As a matter of fact, The Most Royal Lady’s birthright and her extraordinary personality enable her to exercise considerable power not only over her brother, the chief of the Diallobe, but also over the country of the Diallobe as a whole.
In the introductory chapters of Ambiguous Adventure, Cheikh Hamidou Kane implicitly reveals her origins by the description of her appearance. Samba Diallo is impressed by her countenance in the following
On the other hand, The Most Royal Lady displays a lot of affection for her young cousin Samba. In the novel, there is no mention of her having a husband and children. Kane tells us that she removes Samba from the house of his Muslim master “almost by force”18and Samba stays in her home a whole week. The Most Royal Lady spoils him like a mother. Kane expresses Samba’s happiness to be the focus of her love and attention:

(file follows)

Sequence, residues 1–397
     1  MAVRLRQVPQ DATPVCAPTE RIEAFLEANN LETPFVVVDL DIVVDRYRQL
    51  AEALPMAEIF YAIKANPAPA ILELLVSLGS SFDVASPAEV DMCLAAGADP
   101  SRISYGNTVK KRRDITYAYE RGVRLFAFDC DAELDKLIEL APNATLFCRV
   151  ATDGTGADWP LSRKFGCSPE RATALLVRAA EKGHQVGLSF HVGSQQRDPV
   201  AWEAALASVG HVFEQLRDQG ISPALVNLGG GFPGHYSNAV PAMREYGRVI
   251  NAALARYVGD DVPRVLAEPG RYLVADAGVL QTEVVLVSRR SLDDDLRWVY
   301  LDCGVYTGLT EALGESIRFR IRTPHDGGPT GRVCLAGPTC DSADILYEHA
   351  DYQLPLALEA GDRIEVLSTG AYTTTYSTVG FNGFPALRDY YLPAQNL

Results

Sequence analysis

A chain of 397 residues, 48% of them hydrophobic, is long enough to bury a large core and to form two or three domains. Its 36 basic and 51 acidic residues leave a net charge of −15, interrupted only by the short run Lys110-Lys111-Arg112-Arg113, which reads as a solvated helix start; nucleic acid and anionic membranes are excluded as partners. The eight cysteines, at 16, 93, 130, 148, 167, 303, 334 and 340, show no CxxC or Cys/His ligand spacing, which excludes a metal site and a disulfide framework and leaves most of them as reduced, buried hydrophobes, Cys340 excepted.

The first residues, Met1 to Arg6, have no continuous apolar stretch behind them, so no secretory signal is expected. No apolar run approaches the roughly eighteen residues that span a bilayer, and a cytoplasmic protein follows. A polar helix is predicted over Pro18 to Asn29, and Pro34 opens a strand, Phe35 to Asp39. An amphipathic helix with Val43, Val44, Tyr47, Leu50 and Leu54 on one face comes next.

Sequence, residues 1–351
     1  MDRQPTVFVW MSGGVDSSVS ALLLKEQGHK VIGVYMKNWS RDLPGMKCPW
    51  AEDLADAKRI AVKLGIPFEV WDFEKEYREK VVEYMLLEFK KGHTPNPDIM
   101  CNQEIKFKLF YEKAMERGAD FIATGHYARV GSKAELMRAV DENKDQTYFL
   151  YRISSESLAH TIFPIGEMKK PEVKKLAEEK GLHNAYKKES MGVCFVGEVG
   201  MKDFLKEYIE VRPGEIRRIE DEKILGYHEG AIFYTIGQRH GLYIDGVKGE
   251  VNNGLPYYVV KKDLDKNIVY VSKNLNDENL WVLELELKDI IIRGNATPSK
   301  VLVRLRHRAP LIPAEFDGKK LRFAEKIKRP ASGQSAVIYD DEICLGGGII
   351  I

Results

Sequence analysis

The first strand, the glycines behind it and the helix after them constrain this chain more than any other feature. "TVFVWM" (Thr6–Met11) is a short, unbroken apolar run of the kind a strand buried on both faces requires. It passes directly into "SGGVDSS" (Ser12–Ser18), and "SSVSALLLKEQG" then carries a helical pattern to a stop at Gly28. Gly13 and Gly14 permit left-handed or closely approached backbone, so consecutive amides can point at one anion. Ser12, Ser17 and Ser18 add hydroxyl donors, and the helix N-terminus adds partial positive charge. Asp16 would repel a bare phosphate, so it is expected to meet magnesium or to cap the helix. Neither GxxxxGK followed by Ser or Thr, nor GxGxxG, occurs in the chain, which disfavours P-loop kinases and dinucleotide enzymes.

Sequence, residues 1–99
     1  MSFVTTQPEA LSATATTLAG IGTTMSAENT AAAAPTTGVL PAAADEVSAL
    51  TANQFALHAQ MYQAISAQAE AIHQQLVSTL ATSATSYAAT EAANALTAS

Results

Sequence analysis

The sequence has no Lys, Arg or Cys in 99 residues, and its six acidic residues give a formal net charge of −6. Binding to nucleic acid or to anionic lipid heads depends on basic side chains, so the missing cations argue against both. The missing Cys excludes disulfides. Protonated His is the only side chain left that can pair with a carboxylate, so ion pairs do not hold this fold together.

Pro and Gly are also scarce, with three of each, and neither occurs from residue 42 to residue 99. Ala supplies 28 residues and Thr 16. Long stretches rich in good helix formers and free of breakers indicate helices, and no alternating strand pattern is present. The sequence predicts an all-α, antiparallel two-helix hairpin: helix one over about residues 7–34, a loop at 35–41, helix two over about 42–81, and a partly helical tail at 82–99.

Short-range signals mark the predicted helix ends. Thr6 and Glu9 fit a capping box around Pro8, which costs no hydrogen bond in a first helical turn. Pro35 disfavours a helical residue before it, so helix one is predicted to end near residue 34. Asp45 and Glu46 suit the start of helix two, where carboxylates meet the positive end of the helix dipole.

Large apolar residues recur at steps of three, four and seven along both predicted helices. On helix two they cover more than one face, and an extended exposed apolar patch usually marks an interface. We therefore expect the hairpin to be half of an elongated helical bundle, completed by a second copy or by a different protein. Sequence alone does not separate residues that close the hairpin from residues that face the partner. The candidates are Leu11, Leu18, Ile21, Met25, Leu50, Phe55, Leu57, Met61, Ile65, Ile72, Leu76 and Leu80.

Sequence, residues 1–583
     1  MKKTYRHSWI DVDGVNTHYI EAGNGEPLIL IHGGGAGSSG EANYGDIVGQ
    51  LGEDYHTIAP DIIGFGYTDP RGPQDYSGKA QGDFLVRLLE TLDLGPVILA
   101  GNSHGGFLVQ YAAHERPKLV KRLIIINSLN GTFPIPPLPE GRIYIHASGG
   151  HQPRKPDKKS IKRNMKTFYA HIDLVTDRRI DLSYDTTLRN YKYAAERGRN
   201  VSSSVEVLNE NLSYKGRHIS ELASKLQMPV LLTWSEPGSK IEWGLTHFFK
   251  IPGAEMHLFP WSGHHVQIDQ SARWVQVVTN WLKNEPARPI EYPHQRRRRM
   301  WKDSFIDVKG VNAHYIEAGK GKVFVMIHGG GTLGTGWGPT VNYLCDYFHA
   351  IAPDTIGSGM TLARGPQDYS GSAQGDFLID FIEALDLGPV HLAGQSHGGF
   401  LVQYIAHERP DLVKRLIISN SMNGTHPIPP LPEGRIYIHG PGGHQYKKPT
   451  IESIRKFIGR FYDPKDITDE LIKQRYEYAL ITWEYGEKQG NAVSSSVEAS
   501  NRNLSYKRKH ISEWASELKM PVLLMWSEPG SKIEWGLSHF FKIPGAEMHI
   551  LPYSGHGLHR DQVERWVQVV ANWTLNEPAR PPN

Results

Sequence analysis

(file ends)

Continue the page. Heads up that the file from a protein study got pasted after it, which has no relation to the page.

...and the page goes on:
Samba Diallo let himself be pampered with apparently the same profound
equanimity of soul as when he submitted to the hearth’s bad treatment.
Incontestably, he felt happy in the Most Royal Lady’s house…19
The Most Royal Lady sees the colonization of her country as an abuse of power,
an infringement upon the ethical values of her people symbolized in the Wolof concept of “Jom.” Though the term has no direct equivalent in English, it means dignity as well as courage and respect. Her forced decision to compromise with the colonists is based on the observation that the foreigners invaded her land and showed no dignity and respect for her people’s culture. However, despite their lack of “Jom,” they were victorious. Therefore, it is vital for her to discover the secrets of the white colonizers’ victory in order to be able to understand their ways and more importantly to preserve her traditional values.
Also, The Most Royal Lady’s charismatic personality as the chief’s older sister also enables her to upstage her brother. He is nowhere around when some main decisions are taken. Samba Diallo explains...